March 07, 2005

MOVIES: Touch of Pink (Ian Iqbal Rashid, 2004)

Alim (Jimi Mistry) is a gay man living in London who is horrified to learn that his mother, Nuru (Suleka Matthew), is coming to visit from Toronto; Alim has never told his mother that he's gay, or that he lives with his boyfriend Giles (Kristen Holden-Reid), and is horrified at how she will react to the news.

We're in familiar territory here, with another farce about parents who aren't as conservative or as clueless as their kids think they are. The novel twists this time are that the family is Muslim, of Indian descent (that's Asian Indian, not "the John Wayne kind," as one character puts it); and that Alim spends much of the time consulting with his imaginary friend/spirit guide, who offers advice on dealing with the crises in Alim's life.

That guide is the spirit of Cary Grant, whose attitude and style are nicely captured by Kyle MacLachlan. More precisely, of course, we're seeing the attitude and style of "Cary Grant," the on-screen persona that Cary Grant the actor perfected over the years.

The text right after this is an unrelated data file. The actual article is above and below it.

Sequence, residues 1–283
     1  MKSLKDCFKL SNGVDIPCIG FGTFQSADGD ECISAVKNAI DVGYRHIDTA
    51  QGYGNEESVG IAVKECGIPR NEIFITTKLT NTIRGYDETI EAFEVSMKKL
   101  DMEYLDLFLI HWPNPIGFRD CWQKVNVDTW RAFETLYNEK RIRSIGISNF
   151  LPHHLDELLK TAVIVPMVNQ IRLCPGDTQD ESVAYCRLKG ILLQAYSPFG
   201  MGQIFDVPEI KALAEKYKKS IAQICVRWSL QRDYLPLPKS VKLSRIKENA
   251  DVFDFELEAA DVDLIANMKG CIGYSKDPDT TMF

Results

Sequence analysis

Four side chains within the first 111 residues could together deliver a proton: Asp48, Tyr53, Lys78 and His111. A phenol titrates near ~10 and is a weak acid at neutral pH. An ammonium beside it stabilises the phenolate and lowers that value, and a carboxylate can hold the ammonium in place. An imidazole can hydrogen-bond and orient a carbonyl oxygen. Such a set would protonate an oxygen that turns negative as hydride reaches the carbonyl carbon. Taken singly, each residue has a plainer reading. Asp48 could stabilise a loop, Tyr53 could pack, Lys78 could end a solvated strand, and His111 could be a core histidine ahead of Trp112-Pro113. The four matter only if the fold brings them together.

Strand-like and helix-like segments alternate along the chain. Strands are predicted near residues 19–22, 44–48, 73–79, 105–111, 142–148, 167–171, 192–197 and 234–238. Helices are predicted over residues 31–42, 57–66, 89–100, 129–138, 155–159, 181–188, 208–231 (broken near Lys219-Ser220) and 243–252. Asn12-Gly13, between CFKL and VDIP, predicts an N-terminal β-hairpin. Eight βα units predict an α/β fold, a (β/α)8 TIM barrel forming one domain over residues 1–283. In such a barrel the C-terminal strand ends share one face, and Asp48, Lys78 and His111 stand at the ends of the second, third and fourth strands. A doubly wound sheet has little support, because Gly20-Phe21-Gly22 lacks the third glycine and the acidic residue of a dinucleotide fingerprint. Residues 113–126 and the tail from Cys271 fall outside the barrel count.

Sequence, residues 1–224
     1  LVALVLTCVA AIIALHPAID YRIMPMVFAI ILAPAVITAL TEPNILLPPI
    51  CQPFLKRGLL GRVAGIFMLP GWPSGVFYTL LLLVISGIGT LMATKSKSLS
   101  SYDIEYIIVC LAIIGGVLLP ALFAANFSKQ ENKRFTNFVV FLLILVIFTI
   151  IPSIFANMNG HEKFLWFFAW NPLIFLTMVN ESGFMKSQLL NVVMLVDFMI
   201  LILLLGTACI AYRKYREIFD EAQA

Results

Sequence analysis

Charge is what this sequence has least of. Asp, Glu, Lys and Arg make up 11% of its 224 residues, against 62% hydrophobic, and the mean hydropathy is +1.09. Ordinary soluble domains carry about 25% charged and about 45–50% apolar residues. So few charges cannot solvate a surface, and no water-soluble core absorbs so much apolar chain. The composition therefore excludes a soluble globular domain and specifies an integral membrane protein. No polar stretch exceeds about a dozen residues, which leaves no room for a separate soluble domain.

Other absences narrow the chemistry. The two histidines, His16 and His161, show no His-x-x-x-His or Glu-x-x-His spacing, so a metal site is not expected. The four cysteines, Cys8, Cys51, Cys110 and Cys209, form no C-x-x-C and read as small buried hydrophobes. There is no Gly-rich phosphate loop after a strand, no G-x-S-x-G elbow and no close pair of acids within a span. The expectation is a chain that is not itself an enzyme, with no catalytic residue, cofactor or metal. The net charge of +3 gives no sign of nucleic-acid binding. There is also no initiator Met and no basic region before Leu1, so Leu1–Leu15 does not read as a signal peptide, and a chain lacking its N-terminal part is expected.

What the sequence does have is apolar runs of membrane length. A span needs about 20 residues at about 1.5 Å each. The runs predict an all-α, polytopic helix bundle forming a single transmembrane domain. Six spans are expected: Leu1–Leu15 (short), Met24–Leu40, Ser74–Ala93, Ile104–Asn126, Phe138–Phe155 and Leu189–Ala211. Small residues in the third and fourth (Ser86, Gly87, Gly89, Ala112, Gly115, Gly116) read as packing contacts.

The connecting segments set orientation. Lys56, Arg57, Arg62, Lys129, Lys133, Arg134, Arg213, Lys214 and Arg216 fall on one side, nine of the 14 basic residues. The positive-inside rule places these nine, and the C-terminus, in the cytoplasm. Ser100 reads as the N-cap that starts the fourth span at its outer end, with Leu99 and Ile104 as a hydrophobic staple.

The presence of Grant as a guru to a young gay man is a fascinating choice, given the continuing speculation about Grant's own romantic life (some insist that he and Randolph Scott were more than housemates). The movie never directly addresses that speculation; the closest it comes is when Grant refers to gay men as "your people" (he later uses the same phrase in a different conversation, this time referring to Indians).

But Grant's final scene, in which Alim, who's found a happy ending (as if you had any doubt), dismisses Grant, whose advice he no longer needs -- well, that scene takes on some really interesting overtones if we read it as a conversation between a man who was forced by the mores of his time to stay closeted, and a man of the current era who's able to live a more honest life.

The movie's a fluffy trifle, with a touch of the charm you'd find in Grant's own romantic comedies; it's certainly not up to the level of Grant's best movies, but it's a sweet diversion. Suleka Matthew is appropriately imperious as Nuru, and it's great fun to watch her discover her own softer side. Mistry and Holden-Reid aren't particularly convincing as a couple, and each comes off better in his scenes with the movie's other characters. MacLachlan's Cary Grant is a delight, and the best reason to watch the movie.

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